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Why 2010 World Cup Is Most Important For The United States

Christopher Lane II@@ChrisLane_IIContributor IIDecember 5, 2009

CAPE TOWN, SOUTH AFRICA - DECEMBER 04:  FIFA Secretary General Jérôme Valcke holds the name of USA during the Final Draw for the FIFA World Cup 2010 December 4, 2009 at the International Convention Centre in Cape Town, South Africa.  (Photo by Laurence Griffiths/Getty Images)
Laurence Griffiths/Getty Images

After the United States upset Spain in last year's Confederations Cup, many Americans started to believe that soccer's (or football to the rest of the world) popularity was just beginning to shine.

The second half meltdown to Brazil in the Confederations Cup Final brought American fans crashing back to reality.

However, the Americans will return to South Africa for the 2010 World Cup and are looking to avenge last summer’s late collapse. And after yesterday's World Cup draw, the storylines became quite interesting.

The United States will open against the very talented English team, who have the likes of Wayne Rooney, Frank Lampard, and Steven Gerrard in the lineup. Algeria and Slovenia round out the very talented group of teams. Fortunately for the United States, unlike 2006, they were able to avoid the “Group of Death.”

The face of Team U.S.A., Landon Donovan, has been very busy since yesterday's draw. He was interviewed on ESPNEWS and went on to say that his team looks "very good on paper" when asked if they can make it out of the first round.

The matchup on paper doesn’t mean anything once the game begins, though. The United States team understands that very well, being the heavy underdog in the win against Spain last summer.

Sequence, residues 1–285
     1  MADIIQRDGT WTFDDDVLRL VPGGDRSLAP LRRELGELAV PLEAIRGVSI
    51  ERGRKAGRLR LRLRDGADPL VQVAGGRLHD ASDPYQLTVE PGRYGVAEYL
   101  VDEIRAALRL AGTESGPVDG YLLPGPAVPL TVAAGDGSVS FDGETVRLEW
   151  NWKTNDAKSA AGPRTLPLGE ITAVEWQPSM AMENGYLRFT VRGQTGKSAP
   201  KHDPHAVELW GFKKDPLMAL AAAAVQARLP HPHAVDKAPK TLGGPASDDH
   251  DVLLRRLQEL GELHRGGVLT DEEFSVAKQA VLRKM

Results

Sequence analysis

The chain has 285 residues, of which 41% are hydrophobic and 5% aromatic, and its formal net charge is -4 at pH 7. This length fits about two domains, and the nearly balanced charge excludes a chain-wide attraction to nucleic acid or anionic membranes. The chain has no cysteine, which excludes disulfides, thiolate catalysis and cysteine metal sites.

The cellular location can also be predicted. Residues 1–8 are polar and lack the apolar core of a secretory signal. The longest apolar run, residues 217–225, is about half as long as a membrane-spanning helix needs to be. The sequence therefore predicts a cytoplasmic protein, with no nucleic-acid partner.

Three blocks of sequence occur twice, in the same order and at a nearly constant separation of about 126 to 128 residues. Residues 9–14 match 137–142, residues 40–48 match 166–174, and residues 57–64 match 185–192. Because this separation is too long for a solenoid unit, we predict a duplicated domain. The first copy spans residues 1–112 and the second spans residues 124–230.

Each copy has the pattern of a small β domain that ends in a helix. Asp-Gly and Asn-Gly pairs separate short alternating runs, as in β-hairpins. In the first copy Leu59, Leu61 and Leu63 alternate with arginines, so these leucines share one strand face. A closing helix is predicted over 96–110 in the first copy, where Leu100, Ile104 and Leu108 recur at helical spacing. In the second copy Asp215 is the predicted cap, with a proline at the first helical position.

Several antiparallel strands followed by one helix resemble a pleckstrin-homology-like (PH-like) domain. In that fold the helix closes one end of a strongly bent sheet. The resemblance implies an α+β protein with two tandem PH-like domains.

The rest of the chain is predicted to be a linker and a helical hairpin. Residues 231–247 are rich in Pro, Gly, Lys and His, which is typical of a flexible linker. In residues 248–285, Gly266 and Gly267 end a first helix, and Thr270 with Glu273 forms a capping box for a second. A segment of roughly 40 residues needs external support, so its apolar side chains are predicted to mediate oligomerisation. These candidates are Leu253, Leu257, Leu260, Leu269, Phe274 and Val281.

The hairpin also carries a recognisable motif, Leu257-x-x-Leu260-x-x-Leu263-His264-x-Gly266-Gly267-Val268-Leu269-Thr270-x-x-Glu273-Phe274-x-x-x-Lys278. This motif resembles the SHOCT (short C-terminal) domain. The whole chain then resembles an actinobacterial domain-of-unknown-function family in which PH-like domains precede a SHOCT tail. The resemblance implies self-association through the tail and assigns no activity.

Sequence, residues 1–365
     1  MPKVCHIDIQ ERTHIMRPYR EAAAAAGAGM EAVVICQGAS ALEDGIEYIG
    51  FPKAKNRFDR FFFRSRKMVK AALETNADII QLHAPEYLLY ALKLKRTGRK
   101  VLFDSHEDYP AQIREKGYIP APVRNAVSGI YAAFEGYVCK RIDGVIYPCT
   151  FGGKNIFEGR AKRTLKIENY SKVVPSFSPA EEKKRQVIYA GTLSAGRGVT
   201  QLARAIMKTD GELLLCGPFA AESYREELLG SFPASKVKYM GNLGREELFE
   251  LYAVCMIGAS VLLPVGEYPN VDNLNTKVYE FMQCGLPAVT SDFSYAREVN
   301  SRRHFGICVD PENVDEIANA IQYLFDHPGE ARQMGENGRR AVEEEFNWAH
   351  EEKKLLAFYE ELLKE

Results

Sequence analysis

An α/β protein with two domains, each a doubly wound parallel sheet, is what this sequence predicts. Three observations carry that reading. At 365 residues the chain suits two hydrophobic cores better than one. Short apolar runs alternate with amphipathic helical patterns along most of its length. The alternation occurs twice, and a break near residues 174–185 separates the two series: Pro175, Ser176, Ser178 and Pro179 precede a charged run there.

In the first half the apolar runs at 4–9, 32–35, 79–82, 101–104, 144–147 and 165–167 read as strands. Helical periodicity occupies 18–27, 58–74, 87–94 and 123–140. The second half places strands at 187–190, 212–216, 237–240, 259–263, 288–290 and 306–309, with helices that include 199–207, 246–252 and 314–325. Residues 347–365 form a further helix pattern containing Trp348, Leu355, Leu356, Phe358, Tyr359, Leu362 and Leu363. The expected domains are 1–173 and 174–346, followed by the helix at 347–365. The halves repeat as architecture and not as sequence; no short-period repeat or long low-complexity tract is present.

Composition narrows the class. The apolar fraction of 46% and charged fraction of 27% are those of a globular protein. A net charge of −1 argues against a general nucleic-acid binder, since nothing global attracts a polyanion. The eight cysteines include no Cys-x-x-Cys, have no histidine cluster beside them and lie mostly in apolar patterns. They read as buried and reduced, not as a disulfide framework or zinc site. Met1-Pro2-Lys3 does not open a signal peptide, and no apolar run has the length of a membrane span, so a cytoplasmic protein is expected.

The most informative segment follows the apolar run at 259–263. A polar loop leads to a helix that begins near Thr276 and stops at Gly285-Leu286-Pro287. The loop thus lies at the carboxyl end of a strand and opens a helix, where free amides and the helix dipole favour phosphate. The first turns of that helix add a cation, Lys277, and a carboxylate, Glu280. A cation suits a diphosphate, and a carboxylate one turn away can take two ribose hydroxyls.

The 2010 World Cup will define United States soccer for the next decade in terms of popularity. It seems as though soccer has become a fad, moving in and out of the spotlight, but never being able to stay for long.

A win over England and a solid tournament would finally establish the U.S. as a team to be reckoned with, after many years of abuse by teams from South America and Europe.

The win against what seemed to be an unbeatable team of Spaniards last year seemed like a warning to the world that the U.S. wants to establish themselves as legitimate contenders.

After the disappointing 2006 World Cup first round exit, there is new hope and excitement for the United States team. Bob Bradley is coaching in his first World Cup, and after seeing how prepared the team was in South Africa last summer, the sky is the limit for this years' team.

With the start of the 2010 World Cup six months away, the United States has a short period of time to get healthy and ready for one of the biggest tournaments in the history of United States’ soccer.  

The future popularity of soccer in America may very well rest on their shoulders.

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